A Drop Goal - that will be £100,000 please

01 March 2000

Sam Rush

Perhaps one of Rugby's abiding qualities is that matches, tournaments or even seasons can be encapsulated in one defining moment. Take, for example, the 1974 Barbarians v All Blacks match. Few people can recall who won the game or the exact result but most self respecting rugby fans can recount the celebrated try by Gareth Edwards even if they were born after the event. More recently, Jeremy Guscott's drop goal for the Lions in South Africa and Scott Gibbs' last minute try in the final ever Five Nations game are likely to remain much repeated memories of their respective sporting encounters. Naturally, the demand for popular incidents to be replayed time after time ensures that certain sportsmen and women are remembered long after their professional careers have finished. The media exposure also boosts the earning potential of the featured players who become hotter commercial properties than their less well known colleagues. However, a number of today's sports persons, across a wide variety of sports, are no longer content to reap the indirect financial benefit of their moments of glory or infamy and are seeking direct compensation each time a broadcaster wants to show a piece of footage depicting their performance in the same way that television actors are paid when their programmes are repeated.


Recent press speculation has suggested that soccer's big names are about to register their memorable goals as their own "intellectual property"and has sparked a lively public debate about this issue which had been bubbling for some time. Indeed, if Premiership footballers do reap further rewards it is a fair bet that their counterparts in Rugby will be monitoring the situation closely. Broadcasters and club owners should not get too nervous, however, as it is difficult to see how a player could rely on intellectual property rights to claim a fee each time his try is shown on 'Grandstand' or the 'the Rugby Club'.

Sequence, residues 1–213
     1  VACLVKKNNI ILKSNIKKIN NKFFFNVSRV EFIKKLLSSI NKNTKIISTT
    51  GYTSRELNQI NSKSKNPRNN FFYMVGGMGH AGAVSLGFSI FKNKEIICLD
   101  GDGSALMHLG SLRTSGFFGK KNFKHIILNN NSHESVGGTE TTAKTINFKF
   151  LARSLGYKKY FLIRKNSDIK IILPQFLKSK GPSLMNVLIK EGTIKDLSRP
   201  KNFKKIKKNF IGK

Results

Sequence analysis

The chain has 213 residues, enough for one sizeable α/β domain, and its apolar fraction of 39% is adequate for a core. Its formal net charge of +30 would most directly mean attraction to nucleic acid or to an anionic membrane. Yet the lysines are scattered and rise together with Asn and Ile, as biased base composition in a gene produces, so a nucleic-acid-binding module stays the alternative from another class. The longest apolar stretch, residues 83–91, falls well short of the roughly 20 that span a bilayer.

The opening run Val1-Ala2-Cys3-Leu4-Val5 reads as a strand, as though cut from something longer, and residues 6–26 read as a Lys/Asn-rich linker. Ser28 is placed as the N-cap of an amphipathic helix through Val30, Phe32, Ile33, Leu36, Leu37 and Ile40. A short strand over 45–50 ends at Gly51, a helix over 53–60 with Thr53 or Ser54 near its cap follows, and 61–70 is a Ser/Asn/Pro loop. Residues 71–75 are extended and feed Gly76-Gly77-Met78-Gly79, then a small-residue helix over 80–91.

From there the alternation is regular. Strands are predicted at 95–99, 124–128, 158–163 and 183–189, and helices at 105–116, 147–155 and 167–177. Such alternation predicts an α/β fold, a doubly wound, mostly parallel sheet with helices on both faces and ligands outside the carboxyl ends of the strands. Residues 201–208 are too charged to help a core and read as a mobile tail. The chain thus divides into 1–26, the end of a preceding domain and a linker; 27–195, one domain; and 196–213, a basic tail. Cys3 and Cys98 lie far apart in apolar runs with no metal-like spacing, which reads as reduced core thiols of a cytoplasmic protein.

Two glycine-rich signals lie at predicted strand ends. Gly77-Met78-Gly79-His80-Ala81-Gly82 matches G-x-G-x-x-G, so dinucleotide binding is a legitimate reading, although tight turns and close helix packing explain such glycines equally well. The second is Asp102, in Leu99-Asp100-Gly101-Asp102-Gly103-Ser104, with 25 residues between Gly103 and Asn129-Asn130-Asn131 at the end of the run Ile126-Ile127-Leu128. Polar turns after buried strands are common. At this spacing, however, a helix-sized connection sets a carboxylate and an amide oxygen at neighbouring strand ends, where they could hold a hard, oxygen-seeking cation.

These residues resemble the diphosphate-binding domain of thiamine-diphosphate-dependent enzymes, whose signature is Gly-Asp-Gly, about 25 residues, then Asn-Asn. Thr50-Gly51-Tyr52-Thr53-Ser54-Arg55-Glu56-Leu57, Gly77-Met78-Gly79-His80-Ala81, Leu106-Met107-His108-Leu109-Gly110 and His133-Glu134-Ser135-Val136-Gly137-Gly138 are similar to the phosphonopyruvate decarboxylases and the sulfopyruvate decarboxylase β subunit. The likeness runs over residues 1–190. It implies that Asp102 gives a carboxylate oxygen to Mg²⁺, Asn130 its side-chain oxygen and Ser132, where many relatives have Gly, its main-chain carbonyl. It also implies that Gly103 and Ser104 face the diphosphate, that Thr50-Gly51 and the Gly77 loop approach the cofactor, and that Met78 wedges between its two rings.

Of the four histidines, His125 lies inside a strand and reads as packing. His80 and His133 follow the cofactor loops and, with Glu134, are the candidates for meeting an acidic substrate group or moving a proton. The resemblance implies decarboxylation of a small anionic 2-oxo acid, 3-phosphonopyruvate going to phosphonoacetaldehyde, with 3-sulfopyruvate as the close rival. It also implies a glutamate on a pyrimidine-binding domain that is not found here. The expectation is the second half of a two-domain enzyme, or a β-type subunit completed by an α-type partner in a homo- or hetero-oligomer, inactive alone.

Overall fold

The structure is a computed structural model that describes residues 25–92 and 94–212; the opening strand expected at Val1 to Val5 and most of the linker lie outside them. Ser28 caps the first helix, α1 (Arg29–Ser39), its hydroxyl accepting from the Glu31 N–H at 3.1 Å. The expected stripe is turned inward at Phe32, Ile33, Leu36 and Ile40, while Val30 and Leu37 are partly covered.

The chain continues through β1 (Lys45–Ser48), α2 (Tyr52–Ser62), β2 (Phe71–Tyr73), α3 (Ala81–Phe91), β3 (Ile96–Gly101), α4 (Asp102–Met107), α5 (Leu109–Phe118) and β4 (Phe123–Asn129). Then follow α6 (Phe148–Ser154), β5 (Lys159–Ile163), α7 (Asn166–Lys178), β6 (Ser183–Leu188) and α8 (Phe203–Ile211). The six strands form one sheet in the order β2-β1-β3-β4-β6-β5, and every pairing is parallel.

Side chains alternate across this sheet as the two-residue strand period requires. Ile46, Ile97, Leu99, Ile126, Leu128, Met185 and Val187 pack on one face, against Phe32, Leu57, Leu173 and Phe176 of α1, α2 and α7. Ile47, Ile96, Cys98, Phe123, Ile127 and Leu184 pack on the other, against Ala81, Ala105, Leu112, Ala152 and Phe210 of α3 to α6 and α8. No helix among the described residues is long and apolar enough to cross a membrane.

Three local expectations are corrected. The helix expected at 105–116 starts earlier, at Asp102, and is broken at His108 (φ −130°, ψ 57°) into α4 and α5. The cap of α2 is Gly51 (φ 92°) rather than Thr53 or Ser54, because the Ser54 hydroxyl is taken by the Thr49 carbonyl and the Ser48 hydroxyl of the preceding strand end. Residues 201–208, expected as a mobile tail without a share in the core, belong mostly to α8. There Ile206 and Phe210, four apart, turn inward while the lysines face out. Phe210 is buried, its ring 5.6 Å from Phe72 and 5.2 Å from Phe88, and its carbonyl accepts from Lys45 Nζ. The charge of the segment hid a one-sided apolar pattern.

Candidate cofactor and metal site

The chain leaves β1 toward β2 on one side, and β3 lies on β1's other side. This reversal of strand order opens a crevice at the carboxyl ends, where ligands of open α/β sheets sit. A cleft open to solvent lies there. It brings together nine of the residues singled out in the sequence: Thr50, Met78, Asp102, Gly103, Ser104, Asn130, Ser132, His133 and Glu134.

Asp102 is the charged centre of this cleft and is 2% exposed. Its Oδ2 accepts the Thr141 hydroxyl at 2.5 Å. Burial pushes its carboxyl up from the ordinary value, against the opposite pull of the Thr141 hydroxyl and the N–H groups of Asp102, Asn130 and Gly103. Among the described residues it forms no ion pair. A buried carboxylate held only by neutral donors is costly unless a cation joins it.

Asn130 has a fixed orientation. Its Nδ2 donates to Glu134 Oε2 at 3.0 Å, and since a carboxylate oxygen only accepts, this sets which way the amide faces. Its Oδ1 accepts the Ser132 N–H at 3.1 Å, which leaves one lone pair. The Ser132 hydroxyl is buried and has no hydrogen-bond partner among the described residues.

If a player's method of kicking a goal involved some revolutionary technique, it is possible that he could seek to obtain a patent for that "technique". However, despite goalkicking going through something of a revolution in recent times with the 'crab like' approach first used by Rob Andrew becoming the norm the realities are that even if a player was able to persuade the patent office to grant him a patent for his new method he could not rely on the patent to prevent a broadcaster transmitting images of him implementing his patent on the pitch. Alternatively, players with well known methods of kicking goals or even celebrating tries might consider registering that movement as a trade mark. However trade marks have to be registered in respect of particular classes of goods or services and it is difficult to see a player persuading the trade mark office to grant him a trade mark for broadcast services as this is not his trade.


Copyright might seem to afford a player his greatest chance of success. Indeed this is the hook on which those advising players to take action appear to be hanging their hopes, arguing the old maxim that "what is worth copying is worth protecting". A player may claim the protection afforded by copyright if he can persuade a court that his performance on the pitch is a dramatic work. It might be possible to argue that a particularly dramatic dive out of a line out ought to be recognised as great acting but harder to see how the same argument can be applied to the act of scoring a try. A player would need to run the same dramatic work argument to claim that he had any type of performance right that might be protected.


With the current law set against players, the issue of cash for tries is likely to be resolved through contractual negotiations. However neither the clubs nor the Home Unions are likely to have sympathy for the players. The Unions and the top Premiership clubs, which benefit most from the large fees that TV rights command these days, will no doubt argue that their players are already benefiting substantially from this particular income stream. Indeed, particularly at international level, the high broadcast revenues are central to meeting the player's fees. Clubs would also argue that the salaries they pay their players includes a sum to acquire any commercial rights they might have in their performances and, at present, standard players' contracts make it clear that players are required to assign their commercial rights to the clubs as a term of their employment.


Payment for tries remains part of a wider issue for players who may be seeking to gain greater control of their commercial rights. Keith Wood, amongst others, has questioned the use by the IRFU of his own intellectual property in advertisements and promotions and it may not be long before players' are insisting on a share of future merchandising income before they put pen to paper as it can also be argued that ultimately fans buy goods on the strength of their appeal. For the moment, however, the current sporting and legal landscape is not likely to provide the players with the opportunity to benefit every time their "famous moment" is shown on the screen. However the combination of ever increasing player power and recent OFT and EC challenges to the practice of the collective sale of TV rights means that this is a debate which is unlikely to fade away.


First published in Running Rugby Magazine in March 2000.